The National Union of Teachers (NUT) has sent out a manifesto to its members as part of its ‘Stand Up For Education’ campaign in the lead up to the election. It is a well thought out vision for education with a wide set of demands that include action on child poverty which counters the current government line that schools are responsible for righting inequality.
Key points in the manifesto include:
- A coherent 14 – 19 framework of qualifications
- Less testing, getting rid of league tables and local authorities to have a key role in evaluating schools
- All staff to be qualified and government money for staff training over the course of their careers
- Targets to end child poverty including the abolition of the bedroom tax, high quality early years education and the restoration of support for post-16 students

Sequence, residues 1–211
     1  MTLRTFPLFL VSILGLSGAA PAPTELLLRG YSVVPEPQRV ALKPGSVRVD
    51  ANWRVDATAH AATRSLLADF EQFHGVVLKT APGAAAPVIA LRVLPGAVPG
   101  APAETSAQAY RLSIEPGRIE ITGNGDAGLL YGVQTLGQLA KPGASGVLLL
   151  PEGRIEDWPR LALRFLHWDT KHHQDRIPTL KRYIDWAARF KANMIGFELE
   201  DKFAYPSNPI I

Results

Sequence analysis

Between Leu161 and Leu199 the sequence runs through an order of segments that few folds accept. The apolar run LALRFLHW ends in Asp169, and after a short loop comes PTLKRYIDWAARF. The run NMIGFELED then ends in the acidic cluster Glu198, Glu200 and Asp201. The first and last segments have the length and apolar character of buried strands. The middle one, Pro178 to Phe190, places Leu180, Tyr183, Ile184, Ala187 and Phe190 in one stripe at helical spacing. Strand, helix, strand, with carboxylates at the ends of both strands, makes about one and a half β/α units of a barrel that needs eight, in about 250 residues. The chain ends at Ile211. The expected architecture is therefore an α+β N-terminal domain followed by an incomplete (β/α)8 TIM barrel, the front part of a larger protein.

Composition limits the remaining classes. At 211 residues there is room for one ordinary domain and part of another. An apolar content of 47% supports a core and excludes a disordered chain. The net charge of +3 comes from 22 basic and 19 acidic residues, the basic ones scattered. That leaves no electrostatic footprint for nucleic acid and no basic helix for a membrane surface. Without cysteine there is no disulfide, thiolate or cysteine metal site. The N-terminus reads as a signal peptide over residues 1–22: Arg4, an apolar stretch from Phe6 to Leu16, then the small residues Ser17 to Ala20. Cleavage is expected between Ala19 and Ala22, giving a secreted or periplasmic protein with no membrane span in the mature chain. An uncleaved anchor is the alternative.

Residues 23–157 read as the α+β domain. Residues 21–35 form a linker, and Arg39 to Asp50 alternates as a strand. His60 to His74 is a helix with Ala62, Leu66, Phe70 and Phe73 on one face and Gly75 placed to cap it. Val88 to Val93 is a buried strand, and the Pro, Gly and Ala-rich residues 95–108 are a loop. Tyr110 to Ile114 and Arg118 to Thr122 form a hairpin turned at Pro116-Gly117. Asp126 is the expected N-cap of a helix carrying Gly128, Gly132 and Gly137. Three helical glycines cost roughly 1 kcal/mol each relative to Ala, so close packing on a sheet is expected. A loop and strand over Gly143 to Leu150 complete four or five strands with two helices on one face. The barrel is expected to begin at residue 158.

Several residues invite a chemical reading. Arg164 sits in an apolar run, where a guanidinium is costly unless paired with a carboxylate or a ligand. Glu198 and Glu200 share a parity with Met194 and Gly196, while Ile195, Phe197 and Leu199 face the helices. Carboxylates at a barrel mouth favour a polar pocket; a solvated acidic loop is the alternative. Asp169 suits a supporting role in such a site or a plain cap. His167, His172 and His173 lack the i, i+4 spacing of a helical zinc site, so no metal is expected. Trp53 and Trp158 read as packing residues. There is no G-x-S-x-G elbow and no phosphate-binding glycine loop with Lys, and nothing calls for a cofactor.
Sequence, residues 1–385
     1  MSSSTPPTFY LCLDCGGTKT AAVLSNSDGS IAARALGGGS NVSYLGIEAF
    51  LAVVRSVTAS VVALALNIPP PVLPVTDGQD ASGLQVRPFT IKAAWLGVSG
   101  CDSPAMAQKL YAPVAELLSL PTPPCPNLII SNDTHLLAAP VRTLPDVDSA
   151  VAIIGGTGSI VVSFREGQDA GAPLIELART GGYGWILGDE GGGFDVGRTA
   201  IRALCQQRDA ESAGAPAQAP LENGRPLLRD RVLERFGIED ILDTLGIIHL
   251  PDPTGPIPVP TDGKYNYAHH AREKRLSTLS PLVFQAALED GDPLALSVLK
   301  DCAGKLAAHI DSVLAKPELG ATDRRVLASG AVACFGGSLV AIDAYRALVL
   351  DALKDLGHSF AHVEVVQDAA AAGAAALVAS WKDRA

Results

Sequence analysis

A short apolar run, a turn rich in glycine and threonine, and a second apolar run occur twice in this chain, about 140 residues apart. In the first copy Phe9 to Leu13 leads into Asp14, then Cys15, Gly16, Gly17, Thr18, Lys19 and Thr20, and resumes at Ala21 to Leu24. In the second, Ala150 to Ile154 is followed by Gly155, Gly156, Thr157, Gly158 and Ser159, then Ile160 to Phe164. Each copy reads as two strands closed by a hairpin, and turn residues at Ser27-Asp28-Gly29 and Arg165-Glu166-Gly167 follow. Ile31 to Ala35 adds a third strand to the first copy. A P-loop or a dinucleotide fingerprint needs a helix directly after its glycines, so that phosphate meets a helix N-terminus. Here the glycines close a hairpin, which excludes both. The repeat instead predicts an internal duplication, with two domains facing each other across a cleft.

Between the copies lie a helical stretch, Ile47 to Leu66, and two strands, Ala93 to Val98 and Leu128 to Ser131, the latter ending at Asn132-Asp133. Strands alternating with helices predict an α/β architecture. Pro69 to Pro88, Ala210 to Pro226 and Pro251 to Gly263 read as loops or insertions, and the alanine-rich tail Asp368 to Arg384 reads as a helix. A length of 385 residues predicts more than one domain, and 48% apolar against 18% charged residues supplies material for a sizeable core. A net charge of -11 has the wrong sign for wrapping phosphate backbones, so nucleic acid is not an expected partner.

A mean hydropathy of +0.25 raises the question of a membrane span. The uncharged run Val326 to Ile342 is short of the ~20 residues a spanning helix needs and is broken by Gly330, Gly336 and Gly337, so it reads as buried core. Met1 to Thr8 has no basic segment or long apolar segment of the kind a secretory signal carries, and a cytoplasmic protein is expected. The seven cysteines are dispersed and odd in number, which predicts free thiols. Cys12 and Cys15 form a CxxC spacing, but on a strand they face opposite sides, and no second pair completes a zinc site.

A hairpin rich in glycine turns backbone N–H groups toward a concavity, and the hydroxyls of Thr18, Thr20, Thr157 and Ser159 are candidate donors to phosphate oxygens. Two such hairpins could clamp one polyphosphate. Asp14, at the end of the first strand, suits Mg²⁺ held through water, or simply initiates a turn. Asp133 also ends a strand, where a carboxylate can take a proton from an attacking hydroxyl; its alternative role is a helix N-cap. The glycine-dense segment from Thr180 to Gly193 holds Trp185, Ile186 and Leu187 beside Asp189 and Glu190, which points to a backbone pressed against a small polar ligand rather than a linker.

- Restoration of the power of local authorities to plan and provide school places and to be the local democratic organisation responsible for education
- An end to the free school and forced academy programmes and oversight of all state-funded schools to be returned to the local authorities.
- No schools to be run for profit and an end to outsourcing and marketisation
- Education funding to be restored to at least 2010 levels with more support for post-16 provision.
- A reduction in workload, restoration of a national pay structure and an earlier retirement age.
A supplementary booklet sent out with the manifesto goes into details of how the campaign can be advanced, particularly by working with parents and also by action short of strikes, though there will be consultation on industrial action.
An interesting section says that the problems in Britain are not unique and academics have identified what they call GERM – the Global Education Reform Movement. This imposes a business model on education. The traits of GERM are competition (eg between schools), test based accountability, performance related rewards and attacks on teaching unions. Education becomes a commodity, which can be traded globally.
To read and/or order copies of the manifesto go to http://www.teachers.org.uk/manifesto.
To read our Vision For Education: http://www.theworker.org.uk/br-education.htm